Kinsey (2004)
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Review Date: January 03, 2005
Director: Bill Condon
Writer: Bill Condon
Producers: Gail Mutrux
Liam Neeson as Dr. Kinsey
Laura Linney as Mac
Peter Sarsgaard as Clyde
This is the story based on the real-life scientifically based sexual studies conducted by Dr. Kinsey, a man with a cute wife, open-minded kids and a wicked haircut. The decade was the 1950s and people in America just didn’t talk about sex. Kinsey decided that not only was he going to talk about it, but he was going to research it, engage in it, take pictures and ask lots and lots of dirty questions. Let the sexual revolution begin?
I learned two very important things from this movie: 1) it’s okay to be different and 2) Dr. Kinsey apparently had a huge cock. Sure, one of the points was a lot more effective in driving home the film’s baseline theory, but let’s face it, the whole “being different” bit is also pretty deep, no? I honestly didn’t think I was going to care much for this film, especially since I saw it weeks after all the hype about it had already gotten out there, but low and behold, there I was, quite fascinated with the comings and goings of one Dr. Al Kinsey. I think a lot of my ongoing interest in the film came from both the splendid presentation by Liam Neeson as the infamous big-dicked man (you pretty much forget that it’s Neeson after the first few scenes), as well as director Bill Condon’s excellent screenplay and development, as you really get a sense of where the professor is coming from, all without getting too bogged down in the details of his life or psychology. The film’s supporting players also helped the movie gain further credence with the lovely Laura Linney (sans Richard Gere) fully materialized as the wife of the man with little-but-sex on the mind. His three research assistants, Peter Sarsgaard, Chris “where has this guy been since the disaster that was BATMAN & ROBIN?” O’Donnell and Timothy Hutton, were also nice additions to the piece, particularly Sarsgaard who helped bring a whole other more personal angle to the proceedings. Hutton’s mustache also deserves some award recognition, to be sure. Not sure how Tim Curry got into the picture though.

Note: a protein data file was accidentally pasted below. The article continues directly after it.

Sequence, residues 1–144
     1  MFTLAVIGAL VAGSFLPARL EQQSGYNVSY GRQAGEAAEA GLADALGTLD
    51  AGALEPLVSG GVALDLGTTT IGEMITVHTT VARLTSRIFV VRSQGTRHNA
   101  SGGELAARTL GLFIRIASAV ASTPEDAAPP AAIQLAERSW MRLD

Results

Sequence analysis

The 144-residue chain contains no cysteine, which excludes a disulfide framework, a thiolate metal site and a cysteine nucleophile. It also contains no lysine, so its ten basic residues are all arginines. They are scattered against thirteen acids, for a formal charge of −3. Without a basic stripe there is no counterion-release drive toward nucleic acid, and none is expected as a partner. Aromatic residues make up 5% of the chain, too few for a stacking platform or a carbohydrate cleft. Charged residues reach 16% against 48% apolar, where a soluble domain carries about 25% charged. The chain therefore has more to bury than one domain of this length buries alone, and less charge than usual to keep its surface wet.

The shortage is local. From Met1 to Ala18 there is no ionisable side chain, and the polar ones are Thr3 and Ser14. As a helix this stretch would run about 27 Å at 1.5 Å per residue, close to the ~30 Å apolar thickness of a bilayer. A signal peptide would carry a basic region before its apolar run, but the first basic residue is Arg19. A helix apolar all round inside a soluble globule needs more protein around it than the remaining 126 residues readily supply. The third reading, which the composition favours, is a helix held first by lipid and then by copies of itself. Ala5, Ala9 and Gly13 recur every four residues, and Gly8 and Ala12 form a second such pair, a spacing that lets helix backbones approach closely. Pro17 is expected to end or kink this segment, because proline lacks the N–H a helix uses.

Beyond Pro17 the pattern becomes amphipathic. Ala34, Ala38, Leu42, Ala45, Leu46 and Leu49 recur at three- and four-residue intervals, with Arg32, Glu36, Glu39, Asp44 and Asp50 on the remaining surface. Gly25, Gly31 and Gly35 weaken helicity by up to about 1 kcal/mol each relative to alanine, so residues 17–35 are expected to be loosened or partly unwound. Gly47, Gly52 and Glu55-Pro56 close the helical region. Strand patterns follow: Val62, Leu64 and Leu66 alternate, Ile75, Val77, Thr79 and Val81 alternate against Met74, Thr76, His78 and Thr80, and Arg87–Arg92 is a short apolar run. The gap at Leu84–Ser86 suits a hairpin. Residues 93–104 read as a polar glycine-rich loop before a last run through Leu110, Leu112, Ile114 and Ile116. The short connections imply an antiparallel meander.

But at the end of the day, it’s the film’s storyline, its focus on sex and Kinsey’s continued workaholic ways to get to the scientific bottom of what Americans like to do under the sheets, that keeps this picture moving, as the discoveries, the taboo nature of the topic at the time, the morality squad made up of all the external forces and the gaggle of surprise notions put forth by the doctor’s many sample subjects, glue together an excellent biopic about a man whose pragmatic nature regarding the subject of sex, was simply ahead of its time. The film is sure to be a big hit in the “red states”…hehehe. I also like how it didn’t shy away from Kinsey’s own faults as a man, husband and father, putting to the test the morale code of what a “normal man” should be. Of course, part of the film’s general conceit is that there really is no “normality” when it comes to human sexuality, and that at the end of the day, perhaps adopting a nonjudgmental viewpoint a la Kinsey, might be the way to go. Then again, there are folks like that man in this film who kept records of his many 9000+ bizarre sexual conquests who make that sort of thing a little more difficult to achieve at times. All that said, and without me injecting my own personal morale compass onto the film, I quite enjoyed my time with this Kinsey fellow, particularly because of Neeson’s straight-forward and no-bullshit portrayal of the man, as well as the film’s surprisingly touching love story, connection to his father, and ultimately, its overall quality as a motion picture and genuinely stimulating nature as a topic.
(c) 2018 Berge Garabedian

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